19 case like this lead to a selection of charges that we must be careful do
20 not give any incorrect impression.
21 Vukovar and Dubrovnik are towns - cities - identified as under
22 attack, but there were others, and that should be remembered; Zadar,
23 Osijek, Vinkovci in East Slavonia, and other smaller towns similarly. The
24 major and the notorious events - for example, Vukovar - should not obscure
25 the fact that villages in these areas and the area of Dubrovnik even, were
1 plundered and destroyed with the populations fleeing. And their stories,
2 although they may not be before you in great detail, their accounts should
3 not be overlooked.
4 There was, of course, no conceivable reason for gangs, criminal
5 gangs like Arkan's, to be involved in the way they were in this war.
6 Groups that had, as the evidence will reveal, continuing support from the
7 accused, indicative, indeed, of criminal intent. And there can be no
8 doubt, as a witness at a meeting with Cyrus Vance will reveal, there can
9 be no doubt that this accused was confronted in the strongest terms with
10 the detail of what Arkan did.
11 In September, while this assault was being perpetrated, the
12 Bosnian Serbs were themselves establishing autonomous districts covering
13 most of Bosnia, similar to what the Serbs had done. At this stage, you
14 will hear of the degree of contact between this accused and those Bosnian
16 As we move in this summary from or to the time when I shall leave
17 Croatia, it may be worth having in mind this: that many of the worst
18 crimes in Croatia happened either sometimes near the end of combat but
19 certainly quite unrelated to military roles and were pure crime. The
20 Vukovar Hospital, the Vocin massacre on the day of the Serb withdrawal,
21 the killings of the elderly in Skabrnje after a ceasefire, and the very
22 worst of the shelling in Dubrovnik which happened on the day before the
24 We reach October 1991, a bad and significant month where patterns
25 may be discerned, patterns that inevitably speak of a plan. The JNA had
1 started to incorporate volunteers of the type I've already described,
2 began cooperating closely with Arkan, and around Dubrovnik we will find
3 officers of the JNA not only tolerating but leading the plunder and
4 destruction of village after village while indiscriminate shelling was
5 claiming lives.
6 At the same sort of time, in Bosnia, any appearance of real peace
7 may have been deceptive, for intercepted telephone calls will show the
8 full involvement of the Bosnian Serb leadership in the Croatian war:
9 sending volunteers and recruits, touring the front lines, the Bosnian SDS
10 party finalising its plans for seizing power and imposing ethnic
11 separation, Karadzic warning that Muslims would disappear.
12 And we will hear of documentary evidence, or see documentary
13 evidence, showing that the Serb preparation for taking power was at the
14 same time a preparation for ethnic separation, something, as we perhaps
15 can imagine and will see most clearly from a map, inconceivable without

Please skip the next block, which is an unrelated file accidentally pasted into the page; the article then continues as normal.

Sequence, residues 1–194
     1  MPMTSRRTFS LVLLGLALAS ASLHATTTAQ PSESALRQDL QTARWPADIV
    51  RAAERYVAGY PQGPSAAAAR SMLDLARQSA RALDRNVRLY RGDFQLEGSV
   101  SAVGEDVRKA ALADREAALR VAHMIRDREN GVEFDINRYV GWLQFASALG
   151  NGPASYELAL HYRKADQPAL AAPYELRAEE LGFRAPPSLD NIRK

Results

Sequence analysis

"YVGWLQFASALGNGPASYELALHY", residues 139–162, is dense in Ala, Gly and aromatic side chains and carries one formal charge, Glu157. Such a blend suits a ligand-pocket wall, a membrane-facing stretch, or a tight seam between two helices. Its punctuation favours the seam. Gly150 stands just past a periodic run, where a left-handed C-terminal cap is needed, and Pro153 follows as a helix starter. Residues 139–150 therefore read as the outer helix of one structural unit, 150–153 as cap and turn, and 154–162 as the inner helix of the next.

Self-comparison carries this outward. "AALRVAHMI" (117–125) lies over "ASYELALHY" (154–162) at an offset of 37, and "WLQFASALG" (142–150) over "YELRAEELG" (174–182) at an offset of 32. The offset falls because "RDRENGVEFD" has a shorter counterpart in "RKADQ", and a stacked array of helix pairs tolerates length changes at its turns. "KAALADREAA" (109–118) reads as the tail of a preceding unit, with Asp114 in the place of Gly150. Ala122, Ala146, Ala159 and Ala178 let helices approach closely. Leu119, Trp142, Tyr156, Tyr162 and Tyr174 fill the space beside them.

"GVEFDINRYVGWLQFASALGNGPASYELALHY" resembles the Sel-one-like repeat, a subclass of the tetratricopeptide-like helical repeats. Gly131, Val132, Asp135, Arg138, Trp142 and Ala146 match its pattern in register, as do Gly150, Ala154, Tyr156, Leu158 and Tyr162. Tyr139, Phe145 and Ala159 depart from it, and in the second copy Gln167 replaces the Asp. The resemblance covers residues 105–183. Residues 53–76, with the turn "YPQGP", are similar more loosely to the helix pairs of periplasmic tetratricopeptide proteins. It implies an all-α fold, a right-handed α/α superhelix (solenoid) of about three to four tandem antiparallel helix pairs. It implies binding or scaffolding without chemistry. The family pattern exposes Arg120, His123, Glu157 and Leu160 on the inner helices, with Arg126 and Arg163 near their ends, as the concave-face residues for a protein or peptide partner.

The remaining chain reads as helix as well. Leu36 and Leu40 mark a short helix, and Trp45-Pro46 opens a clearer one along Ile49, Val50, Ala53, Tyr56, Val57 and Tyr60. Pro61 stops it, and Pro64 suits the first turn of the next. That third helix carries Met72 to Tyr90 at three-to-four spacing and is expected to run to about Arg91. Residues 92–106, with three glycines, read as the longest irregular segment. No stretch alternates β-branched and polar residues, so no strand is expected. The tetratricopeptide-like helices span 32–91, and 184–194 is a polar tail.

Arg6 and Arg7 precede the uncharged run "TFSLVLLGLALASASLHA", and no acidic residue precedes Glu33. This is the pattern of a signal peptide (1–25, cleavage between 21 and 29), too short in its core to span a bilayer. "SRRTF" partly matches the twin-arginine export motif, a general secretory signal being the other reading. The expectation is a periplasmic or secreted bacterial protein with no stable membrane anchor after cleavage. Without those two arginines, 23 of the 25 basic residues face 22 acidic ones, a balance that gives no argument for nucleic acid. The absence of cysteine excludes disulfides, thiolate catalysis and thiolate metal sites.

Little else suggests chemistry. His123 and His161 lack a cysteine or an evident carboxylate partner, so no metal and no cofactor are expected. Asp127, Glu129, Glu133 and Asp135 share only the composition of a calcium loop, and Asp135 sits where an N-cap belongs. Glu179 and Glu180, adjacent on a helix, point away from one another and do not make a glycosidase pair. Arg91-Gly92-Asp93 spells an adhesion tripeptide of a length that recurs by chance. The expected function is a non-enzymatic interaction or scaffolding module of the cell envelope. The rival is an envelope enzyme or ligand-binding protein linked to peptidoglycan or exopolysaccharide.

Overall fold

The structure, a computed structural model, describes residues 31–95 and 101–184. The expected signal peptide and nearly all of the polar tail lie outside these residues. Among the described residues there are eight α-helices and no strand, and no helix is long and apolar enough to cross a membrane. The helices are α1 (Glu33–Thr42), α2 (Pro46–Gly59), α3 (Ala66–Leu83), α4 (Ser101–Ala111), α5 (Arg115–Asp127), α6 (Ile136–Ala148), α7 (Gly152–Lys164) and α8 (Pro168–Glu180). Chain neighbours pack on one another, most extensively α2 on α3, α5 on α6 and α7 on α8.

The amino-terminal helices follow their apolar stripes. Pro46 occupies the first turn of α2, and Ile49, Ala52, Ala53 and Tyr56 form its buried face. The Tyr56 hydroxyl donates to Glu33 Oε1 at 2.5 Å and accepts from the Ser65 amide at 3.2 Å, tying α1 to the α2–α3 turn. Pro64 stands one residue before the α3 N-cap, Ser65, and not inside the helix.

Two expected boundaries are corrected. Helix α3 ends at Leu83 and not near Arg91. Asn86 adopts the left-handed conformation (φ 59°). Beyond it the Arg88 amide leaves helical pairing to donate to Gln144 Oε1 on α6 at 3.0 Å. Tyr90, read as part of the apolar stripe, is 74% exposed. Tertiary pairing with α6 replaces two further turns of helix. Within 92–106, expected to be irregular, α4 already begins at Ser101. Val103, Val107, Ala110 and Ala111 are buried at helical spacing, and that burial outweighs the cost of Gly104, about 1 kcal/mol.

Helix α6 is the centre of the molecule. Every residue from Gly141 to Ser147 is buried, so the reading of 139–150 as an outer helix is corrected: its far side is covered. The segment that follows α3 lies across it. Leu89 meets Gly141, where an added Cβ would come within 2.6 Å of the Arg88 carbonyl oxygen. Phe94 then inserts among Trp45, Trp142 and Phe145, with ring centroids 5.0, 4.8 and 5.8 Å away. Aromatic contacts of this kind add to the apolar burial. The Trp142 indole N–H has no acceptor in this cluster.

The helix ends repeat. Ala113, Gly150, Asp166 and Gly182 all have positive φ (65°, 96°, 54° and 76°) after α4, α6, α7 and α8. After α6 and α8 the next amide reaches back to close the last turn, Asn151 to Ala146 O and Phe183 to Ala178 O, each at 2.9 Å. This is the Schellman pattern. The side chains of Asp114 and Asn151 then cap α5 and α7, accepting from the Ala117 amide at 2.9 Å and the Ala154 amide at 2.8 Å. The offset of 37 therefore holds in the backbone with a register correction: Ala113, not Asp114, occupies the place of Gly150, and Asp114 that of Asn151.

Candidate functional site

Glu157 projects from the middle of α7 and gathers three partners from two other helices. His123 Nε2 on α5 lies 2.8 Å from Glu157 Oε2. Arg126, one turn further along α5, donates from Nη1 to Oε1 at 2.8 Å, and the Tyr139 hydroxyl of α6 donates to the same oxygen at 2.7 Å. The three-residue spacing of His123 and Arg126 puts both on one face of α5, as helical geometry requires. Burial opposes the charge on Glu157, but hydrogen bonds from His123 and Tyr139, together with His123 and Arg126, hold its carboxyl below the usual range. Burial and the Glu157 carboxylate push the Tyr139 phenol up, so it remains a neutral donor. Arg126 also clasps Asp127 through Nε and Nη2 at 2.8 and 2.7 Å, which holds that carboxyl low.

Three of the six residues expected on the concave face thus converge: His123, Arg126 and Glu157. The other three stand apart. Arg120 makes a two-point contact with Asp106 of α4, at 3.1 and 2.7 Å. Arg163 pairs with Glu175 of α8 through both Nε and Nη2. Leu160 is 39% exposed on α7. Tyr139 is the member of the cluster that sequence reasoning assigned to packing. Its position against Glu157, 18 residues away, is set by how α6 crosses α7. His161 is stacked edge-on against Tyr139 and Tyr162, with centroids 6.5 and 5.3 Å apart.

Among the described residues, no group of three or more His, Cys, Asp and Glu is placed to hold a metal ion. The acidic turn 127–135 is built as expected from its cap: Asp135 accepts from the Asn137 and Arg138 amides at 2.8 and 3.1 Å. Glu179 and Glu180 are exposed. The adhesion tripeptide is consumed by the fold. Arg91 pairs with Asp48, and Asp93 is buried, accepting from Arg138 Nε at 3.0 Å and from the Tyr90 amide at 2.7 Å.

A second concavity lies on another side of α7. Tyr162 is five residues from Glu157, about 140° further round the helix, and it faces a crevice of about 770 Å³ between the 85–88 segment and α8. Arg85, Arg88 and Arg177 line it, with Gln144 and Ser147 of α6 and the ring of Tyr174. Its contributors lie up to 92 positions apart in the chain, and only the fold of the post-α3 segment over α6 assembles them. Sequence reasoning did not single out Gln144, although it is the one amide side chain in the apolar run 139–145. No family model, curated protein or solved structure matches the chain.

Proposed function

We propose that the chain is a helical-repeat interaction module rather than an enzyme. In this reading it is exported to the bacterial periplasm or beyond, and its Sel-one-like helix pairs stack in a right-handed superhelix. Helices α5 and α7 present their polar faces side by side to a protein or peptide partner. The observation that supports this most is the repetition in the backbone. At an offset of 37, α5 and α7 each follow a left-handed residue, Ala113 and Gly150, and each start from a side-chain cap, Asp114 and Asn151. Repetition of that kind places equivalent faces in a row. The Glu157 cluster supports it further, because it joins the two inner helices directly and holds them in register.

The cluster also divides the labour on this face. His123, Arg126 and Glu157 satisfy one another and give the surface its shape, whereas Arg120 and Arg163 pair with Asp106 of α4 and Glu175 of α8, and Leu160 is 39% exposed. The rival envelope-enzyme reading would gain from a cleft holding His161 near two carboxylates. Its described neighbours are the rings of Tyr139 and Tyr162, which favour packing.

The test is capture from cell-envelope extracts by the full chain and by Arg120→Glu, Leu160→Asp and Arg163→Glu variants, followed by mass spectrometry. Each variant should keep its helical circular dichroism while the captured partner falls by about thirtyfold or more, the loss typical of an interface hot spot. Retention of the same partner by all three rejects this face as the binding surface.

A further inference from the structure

16 large movements of population.
17 In Belgrade, the Serbian bloc abandoned legality and seized
18 control of effective power under, effectively, this accused as, for
19 example, Mr. Mesic will say. And a pattern will develop of activities on
20 the ground, both in Croatia and then Bosnia, with which the Chamber will
21 already be familiar from what happened in Kosovo years later. A pattern
22 of Serb forces surrounding and shelling villages, often that being the
23 JNA; entry of the villages often by Territorial Defence, police, or
24 paramilitaries, killing sometimes a few, sometimes many; terror tactics to
25 drive out the unwanted population, expelling survivors, looting homes, and
1 destroying what was left with explosives and fire; an overall process
2 operated as if a single weapon achieving a single objective greater and
3 worse than the individual and component killings or other acts. And the
4 issue, of course, for this Trial Chamber is who was able to operate this
5 weapon? Who influenced its operation, both for this indictment and of
6 course at the other material times?
7 The Prosecution say that the systematic and organised way in which
8 attacks against non-Serb civilian populations in Croatia were carried out
9 revealed a carefully designed scheme and strategy within an overall plan
10 that may be laid at the door of this accused.
11 May we look at map 4, please. The ambitions of the Serbs in
12 Croatia were not entirely realised. This map shows in blue the declared
13 independent areas but in red the areas that they in fact were successful
14 in occupying.
15 In Bosnia, we will see we have census material that goes to show
16 the degree of success of the Bosnian Serbs' operations. We have no such
17 census material for the post-war effects in Croatia because by the time
18 any other census was held, people had moved back. But this map gives an
19 idea of the degree to which they were successful in changing the ethnic
21 Can we turn now to map 5 and to Bosnia.
22 A similar system of legend with colours showing ethnic
23 majorities: Red for Serbs, green for Muslims, and blue for Croats, with
24 intermediate colours representing areas where there were no clear
25 majorities. A very varied map.
1 The top map, if we can just focus on that, shows the position in
2 1991. And if the usher would be good enough to lay the transparency on
3 top of it, please, which you don't have in your papers I'm afraid, I have
4 it here. This is a transparency which repeats what we were able to see on
5 map 2. And the transparency can be available to the Court at any time it
6 wants to see it.
7 We can see the overall composition of ethnic groups at the
8 beginning of 1991. And what's clear, apart from the absolute variety of
9 composition, is that although there is a large Serb area west or centre of